by Magiera A. et al. 113
© Editorial Committee of Journal of Human Kinetics
climber’s body mass, the better performance in
climbing.
Earlier studies tended to give more
attention to climber’s endurance. This ability has
been assessed with many different tools, but
recently tests evaluating the isometric endurance
of the finger flexors have come to the fore
(Ferguson and Brown, 1997; MacLeod et al., 2006;
Quaine et al., 2003), as well as tests utilising
climbing ergometers (Espana-Romero et al., 2009;
Köstermeyer, 2000). The results of the first type of
tests have showed that better forearm vascular
capacity increases climber’s performance during
the workload-relaxation sequence by allowing
more blood to be supplied to muscles between
contractions. In the second case, the climbing time
(Espana-Romero et al., 2009) or the distance
completed in a test with a climbing ergometer
(Köstermeyer, 2000) have been strongly correlated
with performance, particularly in experienced
climbers. Maximal oxygen uptake in the
incremental test to exhaustion did not
differentiate the subjects (Espana-Romero et al.,
2009), but the distance completed in a state of
functional equilibrium has been found to
significantly affect the endurance test results
(Köstermeyer, 2000). These findings are confirmed
by variables E70%z10/10 and VO2ATArm used in
this study.
The role that the ‘ape index’ variable (the
arm span to height ratio) plays in the model has
not been fully explained. Inversely proportional
effect of this variable on performance may be
controversial. The authors assume that the arm
span which does not differentiate most climbers
in most cases (Espana-Romero et al., 2009) is less
important than having a slimmer body (i.e. a
smaller shoulder width). This opinion requires
further investigations.
Canonical analysis was used in this study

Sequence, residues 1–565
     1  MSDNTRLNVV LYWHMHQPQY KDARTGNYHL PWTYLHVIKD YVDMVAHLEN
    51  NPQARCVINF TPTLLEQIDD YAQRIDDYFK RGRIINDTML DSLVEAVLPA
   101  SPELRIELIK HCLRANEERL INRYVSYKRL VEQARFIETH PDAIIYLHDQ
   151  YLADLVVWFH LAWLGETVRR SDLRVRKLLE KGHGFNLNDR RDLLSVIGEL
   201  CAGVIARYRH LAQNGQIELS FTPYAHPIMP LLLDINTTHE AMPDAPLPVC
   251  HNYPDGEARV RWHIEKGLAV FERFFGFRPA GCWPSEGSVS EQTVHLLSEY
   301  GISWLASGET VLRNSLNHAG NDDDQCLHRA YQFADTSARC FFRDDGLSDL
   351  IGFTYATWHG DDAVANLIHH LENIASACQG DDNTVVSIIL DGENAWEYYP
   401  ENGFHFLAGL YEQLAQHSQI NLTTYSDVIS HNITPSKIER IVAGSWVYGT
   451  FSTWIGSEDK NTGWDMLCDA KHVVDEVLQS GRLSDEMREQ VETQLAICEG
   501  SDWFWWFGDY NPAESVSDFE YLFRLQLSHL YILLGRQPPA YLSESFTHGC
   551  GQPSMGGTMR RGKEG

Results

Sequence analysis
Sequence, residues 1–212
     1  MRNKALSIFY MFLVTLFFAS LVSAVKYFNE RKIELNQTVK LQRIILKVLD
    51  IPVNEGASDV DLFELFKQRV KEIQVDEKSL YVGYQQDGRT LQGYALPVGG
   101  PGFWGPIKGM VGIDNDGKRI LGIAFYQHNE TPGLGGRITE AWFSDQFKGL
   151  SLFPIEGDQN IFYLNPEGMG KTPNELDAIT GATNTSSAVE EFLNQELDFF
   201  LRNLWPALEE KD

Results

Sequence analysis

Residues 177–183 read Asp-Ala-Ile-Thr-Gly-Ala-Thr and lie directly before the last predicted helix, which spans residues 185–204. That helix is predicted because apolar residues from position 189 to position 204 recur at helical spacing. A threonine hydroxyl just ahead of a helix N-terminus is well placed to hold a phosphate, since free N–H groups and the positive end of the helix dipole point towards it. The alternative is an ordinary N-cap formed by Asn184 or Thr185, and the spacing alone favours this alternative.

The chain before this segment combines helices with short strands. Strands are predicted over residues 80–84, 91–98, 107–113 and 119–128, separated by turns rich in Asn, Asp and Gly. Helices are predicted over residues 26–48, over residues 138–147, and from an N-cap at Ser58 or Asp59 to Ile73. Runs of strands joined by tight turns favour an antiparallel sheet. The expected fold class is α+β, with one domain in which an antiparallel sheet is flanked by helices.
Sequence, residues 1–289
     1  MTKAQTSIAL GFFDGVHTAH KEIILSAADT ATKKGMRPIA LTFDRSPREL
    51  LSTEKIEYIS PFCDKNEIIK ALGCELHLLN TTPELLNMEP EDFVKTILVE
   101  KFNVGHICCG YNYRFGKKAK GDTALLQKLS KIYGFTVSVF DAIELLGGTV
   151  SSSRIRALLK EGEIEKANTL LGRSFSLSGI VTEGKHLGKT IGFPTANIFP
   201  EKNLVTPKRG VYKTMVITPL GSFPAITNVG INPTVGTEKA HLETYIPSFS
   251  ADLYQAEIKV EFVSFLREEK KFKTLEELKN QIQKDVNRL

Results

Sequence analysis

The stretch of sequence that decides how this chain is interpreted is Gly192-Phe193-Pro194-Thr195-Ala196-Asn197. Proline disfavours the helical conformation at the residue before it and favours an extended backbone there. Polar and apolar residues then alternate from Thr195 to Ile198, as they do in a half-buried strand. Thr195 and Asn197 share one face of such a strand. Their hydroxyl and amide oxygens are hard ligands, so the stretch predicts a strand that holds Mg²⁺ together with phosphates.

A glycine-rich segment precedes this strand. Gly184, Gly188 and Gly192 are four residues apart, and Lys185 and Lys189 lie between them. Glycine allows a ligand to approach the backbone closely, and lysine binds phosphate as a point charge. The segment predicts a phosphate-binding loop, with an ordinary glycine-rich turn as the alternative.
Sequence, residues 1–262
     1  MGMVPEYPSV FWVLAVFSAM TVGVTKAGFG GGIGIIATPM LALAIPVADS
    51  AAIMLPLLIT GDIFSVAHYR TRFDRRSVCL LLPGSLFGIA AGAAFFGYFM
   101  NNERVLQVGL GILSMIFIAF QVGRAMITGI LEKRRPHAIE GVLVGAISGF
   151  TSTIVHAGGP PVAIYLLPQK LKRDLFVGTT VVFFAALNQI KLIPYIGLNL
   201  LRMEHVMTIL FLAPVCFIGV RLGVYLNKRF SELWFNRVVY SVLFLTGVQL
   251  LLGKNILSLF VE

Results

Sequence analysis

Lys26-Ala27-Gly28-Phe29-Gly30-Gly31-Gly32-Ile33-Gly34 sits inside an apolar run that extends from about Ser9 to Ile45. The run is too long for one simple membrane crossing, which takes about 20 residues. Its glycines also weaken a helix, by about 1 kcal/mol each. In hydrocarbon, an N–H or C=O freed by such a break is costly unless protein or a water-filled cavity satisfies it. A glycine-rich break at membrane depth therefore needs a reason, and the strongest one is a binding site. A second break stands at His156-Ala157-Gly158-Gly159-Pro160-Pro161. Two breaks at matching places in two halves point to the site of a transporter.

also to identify the structure of performance of
sport rock climbers with respect to their various
technical, physical and mental characteristics.
Previous studies sought relationships between
performance and particular somatic, physical
fitness, physiological or mental characteristics.
Interdisciplinary papers analysing climbers from
many angles are not available. An exception is the
studies carried out by Mermier et al. (2000) and
Magiera and Ryguła (2007).
In the Mermier et al.’s study (2000) the
principal component analysis (PCA) allowed
extracting three components which were called „a
training component” (the strength of the arms and
legs and of the full-hand grip, the anaerobic
power of the upper and lower body, arm
endurance, % fat, climbing performance), „an
anthropometric component” (body mass and
height, the length of the lower extremities, arm
span, ape index), and „a flexibility component”
(the hip-joint range of motion). The authors have
proven that being successful in climbing depends
on the interaction of many factors rather than on a
single factor, as suggested before. Multiple
regression of the relationships between the three
components and the subjects’ overall scores in
two climbing trials showed that the components
explained 58.9% (training), 0.3% (anthropometric)
and 1.8% (flexibility) of the total variance in
performance. The authors themselves suggested